In 1599, King Henry IV of France signed a decree reaffirming the program of royal donations to Saint-Claude.

During the XVIth and XVIIth centuries, artisans from Saint-Claude continued to turn
objects of devotion,

This plate presents a turner's workshop with three different kinds of turning lathes: (A) made out of wood, (B) made out of iron and (C) operated with a perch. Note the two concentric wheels allowing for different turning speeds. Encyclopédie of Diderot and d'Alembert (1751-1772)

 that were sold to the pilgrims visiting the Abbaye.

Engraving representing Saint-Claude by J.J.Tournier in 1718, Courtesy Cl. G.GaignouArchives municipales de Saint-Claude

In every farm around Saint-Claude a turning lathe could be found by the kitchen's stove or fireplace with a few miller cutters, gouges, chisels hanging on the wall.

XVIIth century turning or treadle lathe. The turning speed was increased by using a flywheel and belt to drive a small pully on the headstock. In this model, the flywheel and the pulley are provided with a number of stepped grooves so that a variety of speed ranges could be obtained by moving the belt.

In the XVIIIth century and at the turn of the XIXth century, with machinery very similar to that of their ancestors,

Early XIXth century turning lathe, Musée de la Pipe et du Diamant, Saint-Claude

the artisans of Saint-Claude could no longer make a living solely from religious objects.

Member of the Abbey of Saint-Claude, "Histoire des Ordres Religieux et Militaires", Ed. 1792, first published in 1714-1719. Engravers include P. Giffart, Thomassin and T. Duflos.

They diversified their production towards household items such as handles, boxes, spoons, musical instruments, pen-holders, combs, necklaces, snuff boxes and ... pipes.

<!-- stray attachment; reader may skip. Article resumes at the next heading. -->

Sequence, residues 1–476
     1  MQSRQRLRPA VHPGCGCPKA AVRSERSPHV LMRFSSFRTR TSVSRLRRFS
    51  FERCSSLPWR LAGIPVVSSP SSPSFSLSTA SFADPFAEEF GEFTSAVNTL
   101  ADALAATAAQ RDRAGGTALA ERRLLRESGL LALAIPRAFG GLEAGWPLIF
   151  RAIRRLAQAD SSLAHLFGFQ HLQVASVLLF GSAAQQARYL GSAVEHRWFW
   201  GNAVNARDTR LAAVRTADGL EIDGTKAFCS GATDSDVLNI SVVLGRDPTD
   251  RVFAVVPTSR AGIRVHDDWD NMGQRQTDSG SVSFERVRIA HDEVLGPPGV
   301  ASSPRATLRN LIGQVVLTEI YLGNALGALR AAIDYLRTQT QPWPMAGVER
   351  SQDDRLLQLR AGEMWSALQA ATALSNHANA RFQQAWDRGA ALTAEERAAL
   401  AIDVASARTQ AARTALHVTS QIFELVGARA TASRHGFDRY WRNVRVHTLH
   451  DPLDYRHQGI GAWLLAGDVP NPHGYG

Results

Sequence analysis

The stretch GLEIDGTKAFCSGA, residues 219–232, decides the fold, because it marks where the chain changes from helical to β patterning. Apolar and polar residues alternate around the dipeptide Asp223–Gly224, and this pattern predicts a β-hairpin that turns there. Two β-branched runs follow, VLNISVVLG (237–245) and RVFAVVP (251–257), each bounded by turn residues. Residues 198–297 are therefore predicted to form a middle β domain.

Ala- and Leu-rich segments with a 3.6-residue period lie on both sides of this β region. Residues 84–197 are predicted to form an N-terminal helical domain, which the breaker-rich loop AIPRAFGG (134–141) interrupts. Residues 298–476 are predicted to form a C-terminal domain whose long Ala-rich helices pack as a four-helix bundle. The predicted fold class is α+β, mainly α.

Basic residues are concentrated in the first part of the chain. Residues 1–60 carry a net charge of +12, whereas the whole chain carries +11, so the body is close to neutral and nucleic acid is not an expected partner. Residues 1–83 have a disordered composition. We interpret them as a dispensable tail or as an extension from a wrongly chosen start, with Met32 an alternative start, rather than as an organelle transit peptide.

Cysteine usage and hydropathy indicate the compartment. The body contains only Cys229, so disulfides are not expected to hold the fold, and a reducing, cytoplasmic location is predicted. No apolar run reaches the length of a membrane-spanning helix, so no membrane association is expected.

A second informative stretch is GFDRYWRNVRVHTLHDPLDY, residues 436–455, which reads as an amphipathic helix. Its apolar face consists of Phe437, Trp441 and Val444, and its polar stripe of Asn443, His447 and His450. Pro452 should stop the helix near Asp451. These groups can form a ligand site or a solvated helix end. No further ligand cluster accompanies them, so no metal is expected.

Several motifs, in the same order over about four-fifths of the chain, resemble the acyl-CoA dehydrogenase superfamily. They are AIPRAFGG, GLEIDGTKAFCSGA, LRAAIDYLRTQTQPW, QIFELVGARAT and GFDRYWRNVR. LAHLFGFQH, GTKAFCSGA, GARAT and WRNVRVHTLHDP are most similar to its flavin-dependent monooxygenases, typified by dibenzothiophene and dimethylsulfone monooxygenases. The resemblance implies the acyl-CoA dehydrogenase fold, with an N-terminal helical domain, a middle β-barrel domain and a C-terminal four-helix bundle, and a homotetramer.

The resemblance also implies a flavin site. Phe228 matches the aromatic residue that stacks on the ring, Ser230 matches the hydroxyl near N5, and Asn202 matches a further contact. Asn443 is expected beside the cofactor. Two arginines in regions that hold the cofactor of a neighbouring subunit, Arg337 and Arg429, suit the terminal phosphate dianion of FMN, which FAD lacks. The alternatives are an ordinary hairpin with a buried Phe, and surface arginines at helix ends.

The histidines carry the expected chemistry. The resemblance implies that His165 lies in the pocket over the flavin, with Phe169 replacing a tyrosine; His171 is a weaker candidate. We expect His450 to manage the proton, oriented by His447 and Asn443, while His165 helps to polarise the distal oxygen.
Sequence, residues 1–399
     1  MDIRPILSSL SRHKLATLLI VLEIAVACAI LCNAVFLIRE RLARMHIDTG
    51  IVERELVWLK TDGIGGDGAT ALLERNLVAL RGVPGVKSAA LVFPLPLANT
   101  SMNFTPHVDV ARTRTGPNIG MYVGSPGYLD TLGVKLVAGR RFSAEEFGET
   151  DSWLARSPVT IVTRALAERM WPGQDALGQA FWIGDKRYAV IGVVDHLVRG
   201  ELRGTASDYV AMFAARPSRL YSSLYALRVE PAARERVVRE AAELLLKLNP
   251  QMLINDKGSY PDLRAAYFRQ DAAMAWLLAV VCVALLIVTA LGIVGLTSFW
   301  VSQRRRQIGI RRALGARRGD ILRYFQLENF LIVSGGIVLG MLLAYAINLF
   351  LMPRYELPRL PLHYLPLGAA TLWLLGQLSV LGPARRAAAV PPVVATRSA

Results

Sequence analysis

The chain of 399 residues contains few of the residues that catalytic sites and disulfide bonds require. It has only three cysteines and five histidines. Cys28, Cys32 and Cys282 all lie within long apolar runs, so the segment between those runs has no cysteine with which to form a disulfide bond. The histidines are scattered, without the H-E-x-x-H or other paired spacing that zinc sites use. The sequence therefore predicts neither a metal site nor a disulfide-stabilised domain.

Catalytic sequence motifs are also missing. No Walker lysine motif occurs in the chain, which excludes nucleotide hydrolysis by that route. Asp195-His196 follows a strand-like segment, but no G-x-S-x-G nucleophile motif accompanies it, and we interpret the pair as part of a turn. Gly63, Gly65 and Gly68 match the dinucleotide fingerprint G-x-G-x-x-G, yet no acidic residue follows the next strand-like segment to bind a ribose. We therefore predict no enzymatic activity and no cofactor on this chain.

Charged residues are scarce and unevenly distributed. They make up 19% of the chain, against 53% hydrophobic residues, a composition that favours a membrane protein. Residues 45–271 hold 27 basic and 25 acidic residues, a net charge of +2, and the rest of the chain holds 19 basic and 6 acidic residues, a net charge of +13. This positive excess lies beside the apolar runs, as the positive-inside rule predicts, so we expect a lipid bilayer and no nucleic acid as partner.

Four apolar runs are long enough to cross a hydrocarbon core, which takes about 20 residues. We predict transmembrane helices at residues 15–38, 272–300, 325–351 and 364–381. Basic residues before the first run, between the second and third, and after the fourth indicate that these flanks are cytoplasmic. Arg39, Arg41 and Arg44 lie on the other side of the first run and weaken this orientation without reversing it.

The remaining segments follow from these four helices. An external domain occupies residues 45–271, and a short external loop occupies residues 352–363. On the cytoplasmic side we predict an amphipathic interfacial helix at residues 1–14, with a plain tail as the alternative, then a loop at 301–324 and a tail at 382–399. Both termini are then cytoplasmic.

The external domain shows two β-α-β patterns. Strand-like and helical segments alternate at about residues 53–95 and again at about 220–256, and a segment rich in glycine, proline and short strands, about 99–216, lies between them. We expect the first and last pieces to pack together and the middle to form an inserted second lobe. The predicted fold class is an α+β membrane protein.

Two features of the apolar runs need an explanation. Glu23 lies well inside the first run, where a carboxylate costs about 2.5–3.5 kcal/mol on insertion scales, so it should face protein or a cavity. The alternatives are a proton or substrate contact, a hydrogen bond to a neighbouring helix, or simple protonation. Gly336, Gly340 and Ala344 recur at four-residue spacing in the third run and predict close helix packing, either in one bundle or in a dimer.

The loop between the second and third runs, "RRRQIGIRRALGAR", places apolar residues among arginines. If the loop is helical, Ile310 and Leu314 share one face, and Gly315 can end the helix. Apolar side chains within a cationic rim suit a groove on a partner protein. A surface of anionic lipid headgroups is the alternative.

Turn of the XIXth century pipe. Courtesy of the Musée de la Pipe et du Diamant, Saint-Claude

Turn of the XIXth century pipe. Courtesy of the Musée de la Pipe et du Diamant, Saint-Claude

Turn of the XIXth century pipe, Saint-Claude, private collection

An excerpt from a hand drawn and painted sales catalog dated 1807 from Saint-Claude wholesaler Jeantet,

1838 engraving of Saint-Claude

shows that at the turn of the XIXth century the majority of the Saint-Claude production was in the form of turned stems which were sold all over France and neighboring countries. Pipe bowls for the most part were imported from other European countries, such as Ulmer and porcelains from Germany.

Courtesy of Dominique Jeantet

In the streets of Paris in 1835 many pipe smokers favored the turned stems from Saint-Claude,

Detail, Variété des Pipes et de leurs Fumeurs, Grandville, 1835

matching them with pipe bowls in clay, meerschaum, or exotic looking sea-shells.

Another hand drawn and colored catalog donated by Henri Aschenbrenner to the city of Saint-Claude gives us further insight into what the local pipe production was in the first half of the XIXth century.

"Objects manufactured in Saint-Claude before 1841", Illustrated Catalog offered by Mr. Henri Ashenbrenner. Courtesy Bibliothèque municipale de Saint-Claude

Of the 15 plates relating to pipes, 11 present turned pipe stems, demonstrating the remarkable versatility and tour de force achieved by san-claudian turners.

The last 4 plates present some pipes carved from indigenous boxwood, a majority of which are inspired by Ulmers from Germany.

At the beginning of the second half of the XIXth century, Saint-Claude was clearly poised to capitalize on the miraculous discovery of briar as the perfect wood for pipe smoking.

(Many thanks to Dominique Jeantet, Les Amis du Vieux Saint-Claude, les Archives municipales de Saint-Claude, la Bibliothèque municipale de Saint-Claude and the Musée de l'Abbaye de Saint-Claude for their invaluable help)